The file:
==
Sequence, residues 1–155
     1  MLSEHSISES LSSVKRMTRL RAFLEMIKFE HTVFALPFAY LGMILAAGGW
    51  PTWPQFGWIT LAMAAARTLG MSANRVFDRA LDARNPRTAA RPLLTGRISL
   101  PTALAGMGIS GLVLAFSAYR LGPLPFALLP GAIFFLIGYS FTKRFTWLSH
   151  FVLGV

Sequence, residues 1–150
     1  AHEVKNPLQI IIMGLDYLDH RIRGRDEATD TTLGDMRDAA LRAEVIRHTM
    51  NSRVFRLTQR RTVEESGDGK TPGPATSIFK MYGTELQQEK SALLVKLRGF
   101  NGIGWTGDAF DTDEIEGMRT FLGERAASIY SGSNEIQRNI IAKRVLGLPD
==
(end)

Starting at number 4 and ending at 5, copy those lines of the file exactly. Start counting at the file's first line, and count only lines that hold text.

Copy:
   101  PTALAGMGIS GLVLAFSAYR LGPLPFALLP GAIFFLIGYS FTKRFTWLSH
   151  FVLGV